Also during the summer, I took the decision to step down from the steering group of the Scottish Writers' Centre. I was involved there for about eighteen months and found it to be hugely fulfilling. I've really enjoyed my time working with the others on the committee but I needed a break. Being a volunteer can be so demanding! Full praise for those who devote so much time and effort to help realise the vision they have.

The Scottish Writers' Centre has a full programme for the months ahead and I recommend a visit to their website - and to their events, which are mostly held in the CCA at 350 Sauchiehall Street in Glasgow. I certainly plan on going along to most of them.

So that was my summer 2011. As for the poor weather - better to have downpours and few sunny days than no rain at all.

The background to this summer is that famine has returned to East Africa. I've long been a supporter of the great work done by Oxfam, and urge everyone to consider making a regular donation to them, if at all possible. Many a mickle maks a muckle - lots of us giving a small amount adds up to a great deal.

Yet, surely, in these days, we should be able to do much more than emergency responses? Surely 'capital' should be able to see and seize financial opportunities to provide solar-powered desalination plants and pipelines and to provide valuable infrastructure in Somalia and Kenya? Labour there must be cheap just as Irish navvy labour was cheap one or two hundred years ago when Britain's canals and railways were built.

East Africa could be developed just as Ireland itself was and just as 'the wild west' of the USA was, with private capital funding massive construction projects like railways, roads, electricity, plumbing. It was do-able then. A few people got rich on it and millions benefitted in the process. Why is it not do-able in East Africa now?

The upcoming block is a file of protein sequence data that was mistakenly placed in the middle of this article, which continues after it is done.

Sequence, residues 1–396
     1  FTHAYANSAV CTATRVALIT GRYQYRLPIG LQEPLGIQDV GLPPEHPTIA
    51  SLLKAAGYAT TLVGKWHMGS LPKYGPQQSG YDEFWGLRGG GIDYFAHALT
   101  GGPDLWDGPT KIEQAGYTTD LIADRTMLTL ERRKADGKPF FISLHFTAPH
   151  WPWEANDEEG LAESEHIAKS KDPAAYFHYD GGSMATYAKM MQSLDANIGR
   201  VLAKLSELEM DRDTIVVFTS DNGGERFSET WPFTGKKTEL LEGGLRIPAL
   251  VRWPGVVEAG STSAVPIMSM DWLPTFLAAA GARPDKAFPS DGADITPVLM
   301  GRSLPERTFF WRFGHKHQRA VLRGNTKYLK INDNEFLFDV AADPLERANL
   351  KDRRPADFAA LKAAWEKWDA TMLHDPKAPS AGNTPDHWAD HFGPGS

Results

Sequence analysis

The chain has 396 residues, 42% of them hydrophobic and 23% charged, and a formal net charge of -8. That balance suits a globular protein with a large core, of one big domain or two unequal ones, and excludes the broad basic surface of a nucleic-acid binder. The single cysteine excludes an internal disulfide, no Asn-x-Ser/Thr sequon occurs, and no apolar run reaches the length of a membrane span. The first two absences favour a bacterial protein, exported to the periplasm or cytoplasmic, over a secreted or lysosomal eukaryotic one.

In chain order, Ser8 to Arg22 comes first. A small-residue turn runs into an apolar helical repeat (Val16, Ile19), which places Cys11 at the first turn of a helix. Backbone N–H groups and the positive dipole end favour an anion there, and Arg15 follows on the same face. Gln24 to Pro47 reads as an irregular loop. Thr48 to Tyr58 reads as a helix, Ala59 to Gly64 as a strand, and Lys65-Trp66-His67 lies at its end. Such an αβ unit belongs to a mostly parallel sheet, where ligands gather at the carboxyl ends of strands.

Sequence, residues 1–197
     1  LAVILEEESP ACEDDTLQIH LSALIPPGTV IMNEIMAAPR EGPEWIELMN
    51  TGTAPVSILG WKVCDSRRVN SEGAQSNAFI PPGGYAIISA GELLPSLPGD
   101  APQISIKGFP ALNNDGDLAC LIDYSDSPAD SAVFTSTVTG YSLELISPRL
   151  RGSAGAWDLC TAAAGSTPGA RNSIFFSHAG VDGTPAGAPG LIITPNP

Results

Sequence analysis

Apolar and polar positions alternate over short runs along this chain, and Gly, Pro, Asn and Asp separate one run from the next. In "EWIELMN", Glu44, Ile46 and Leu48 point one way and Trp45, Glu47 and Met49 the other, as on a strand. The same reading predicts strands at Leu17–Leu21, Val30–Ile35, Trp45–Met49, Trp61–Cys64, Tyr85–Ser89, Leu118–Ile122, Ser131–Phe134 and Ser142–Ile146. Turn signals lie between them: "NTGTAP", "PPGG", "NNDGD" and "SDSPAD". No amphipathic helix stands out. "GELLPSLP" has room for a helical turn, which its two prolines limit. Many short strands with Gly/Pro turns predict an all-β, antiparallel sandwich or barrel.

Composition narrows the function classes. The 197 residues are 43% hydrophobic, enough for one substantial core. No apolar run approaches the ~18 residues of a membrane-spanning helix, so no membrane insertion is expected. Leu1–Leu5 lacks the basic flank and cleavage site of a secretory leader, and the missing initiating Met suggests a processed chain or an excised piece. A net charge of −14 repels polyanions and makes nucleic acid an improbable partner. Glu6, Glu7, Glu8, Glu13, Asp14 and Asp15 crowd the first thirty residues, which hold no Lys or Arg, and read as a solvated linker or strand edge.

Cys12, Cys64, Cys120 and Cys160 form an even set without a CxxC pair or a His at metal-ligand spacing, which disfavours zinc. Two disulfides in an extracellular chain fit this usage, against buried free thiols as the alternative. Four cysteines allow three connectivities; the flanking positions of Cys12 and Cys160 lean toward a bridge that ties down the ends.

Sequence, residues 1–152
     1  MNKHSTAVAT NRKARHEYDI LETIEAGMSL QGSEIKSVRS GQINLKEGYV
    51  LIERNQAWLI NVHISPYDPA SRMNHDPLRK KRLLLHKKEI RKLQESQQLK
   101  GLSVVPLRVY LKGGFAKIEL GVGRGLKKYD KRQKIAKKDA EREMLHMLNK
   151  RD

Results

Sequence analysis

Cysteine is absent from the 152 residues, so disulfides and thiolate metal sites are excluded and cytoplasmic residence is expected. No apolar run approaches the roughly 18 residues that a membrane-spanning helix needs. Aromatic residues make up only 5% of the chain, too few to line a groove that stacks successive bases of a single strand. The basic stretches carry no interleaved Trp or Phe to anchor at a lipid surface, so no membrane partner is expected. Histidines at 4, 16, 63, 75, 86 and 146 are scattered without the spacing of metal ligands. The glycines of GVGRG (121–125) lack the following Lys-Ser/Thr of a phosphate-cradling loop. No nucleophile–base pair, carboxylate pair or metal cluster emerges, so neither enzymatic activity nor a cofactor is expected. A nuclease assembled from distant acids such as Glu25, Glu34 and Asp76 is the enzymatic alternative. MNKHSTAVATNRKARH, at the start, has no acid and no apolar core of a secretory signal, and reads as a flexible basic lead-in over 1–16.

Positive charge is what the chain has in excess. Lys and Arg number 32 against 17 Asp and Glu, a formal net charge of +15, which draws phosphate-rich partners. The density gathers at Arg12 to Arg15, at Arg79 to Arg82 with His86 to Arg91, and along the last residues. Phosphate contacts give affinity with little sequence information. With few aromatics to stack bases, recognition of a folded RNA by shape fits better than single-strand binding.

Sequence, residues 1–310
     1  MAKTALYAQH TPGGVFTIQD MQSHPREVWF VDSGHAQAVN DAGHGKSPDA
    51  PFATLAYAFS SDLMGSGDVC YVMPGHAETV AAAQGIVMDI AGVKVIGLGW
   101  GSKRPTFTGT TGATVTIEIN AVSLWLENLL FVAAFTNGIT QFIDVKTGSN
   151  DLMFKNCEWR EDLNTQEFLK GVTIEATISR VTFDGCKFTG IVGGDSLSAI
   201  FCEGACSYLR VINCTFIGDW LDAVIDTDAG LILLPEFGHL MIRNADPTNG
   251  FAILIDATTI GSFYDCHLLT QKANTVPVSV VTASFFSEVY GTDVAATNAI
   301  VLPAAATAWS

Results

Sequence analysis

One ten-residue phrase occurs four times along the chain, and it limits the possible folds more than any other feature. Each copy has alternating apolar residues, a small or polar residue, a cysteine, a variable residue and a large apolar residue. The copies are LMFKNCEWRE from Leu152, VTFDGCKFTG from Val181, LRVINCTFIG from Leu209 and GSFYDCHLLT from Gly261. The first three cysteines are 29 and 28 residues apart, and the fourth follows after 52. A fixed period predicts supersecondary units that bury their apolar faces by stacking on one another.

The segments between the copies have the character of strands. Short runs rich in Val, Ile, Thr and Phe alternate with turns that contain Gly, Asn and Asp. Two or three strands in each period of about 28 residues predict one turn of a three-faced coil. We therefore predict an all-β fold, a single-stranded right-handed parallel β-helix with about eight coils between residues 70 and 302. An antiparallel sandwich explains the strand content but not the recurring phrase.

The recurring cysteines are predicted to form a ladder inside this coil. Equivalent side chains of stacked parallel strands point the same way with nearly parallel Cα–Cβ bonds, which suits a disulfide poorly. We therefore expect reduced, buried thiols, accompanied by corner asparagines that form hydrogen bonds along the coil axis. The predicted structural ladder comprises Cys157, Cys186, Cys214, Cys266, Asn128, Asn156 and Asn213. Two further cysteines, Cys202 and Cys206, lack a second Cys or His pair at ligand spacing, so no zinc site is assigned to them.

Carol and grand-daughter Mhairi enjoying the luxury of a lush garden, summer 2011.

Wednesday, 20 July 2011

If I Should Die Before I Wake

In 2007, I worked with Eileen Munro, a former student on my Open University creative writing course, after she approached me for help in writing her autobiography.  The year or more we spent on it had deep lows as she relived the upsets of her childhood (and as we read her Social Work and medical case notes together) yet it had much in the way of emotional highs and gusty laughter, too. In working together, we tried to create something that adhered as closely as possible to the truth, while crafting a story which would provide an engaging, honest and thought-provoking read. 
After it was published in 2008, I told Eileen I wouldn’t be able to spend the same amount of time co-writing her second volume, given that I had projects of my own which I wanted to explore (and, as I subsequently found out, because my health was in freefall). I was pleased when I heard she was immersed in writing the follow-up. Now it’s available, here’s my review of it.

Eileen Munro’s If I Should Die Before I Wake was published in July 2011 by Mainstream Publishing, three years after her first book, As I Lay Me Down To Sleep. The second volume of memoir follows Eileen from the birth of her first child in difficult circumstances, through a continued exploration of the search for family life and a yearned after sense of belonging.
                Eileen’s life story is a painful one because she was one of the generation of babies given up for adoption in the early 1960s when illegitimacy was universally stigmatised. In those days before abortion was legalised, young mothers-to-be were secreted away in institutions or with family members in distant parts of the country, to complete their pregnancies and dispose of their ‘mistakes’ through adoption before returning home to resume a ‘normal’ life. The theory was that the children born to these single mothers would enjoy a better life because they were adopted by a married couple who would be able to provide love and security.
                As I Lay Me Down To Sleep told the story of the very different consequences for one such child. Adopted just after birth, Eileen might indeed have enjoyed a sweet life except that her adoptive parents became alcoholics who left her vulnerable to abuse. Her father was violent and her mother died in a drunken stupor when Eileen was twelve, after which Eileen and her sister were taken into care. A troubled teenager, Eileen herself became a single mother at the age of sixteen but passionately vowed she would keep her child and cherish him so he wouldn’t suffer physically and emotionally as she had.

This is the point at which If I Should Die before I Wake opens. We meet Eileen, still vulnerable, innocent of the adult world as any sixteen year old is, but steely with bravado. Unlike most sixteen year olds, Eileen had no home or family support. No mother to turn to for help in raising her baby and no one to help her keep tabs on rent and electricity bills. No one other than a social worker on the end of the phone, or the manager of whatever hostel she happened to find herself in.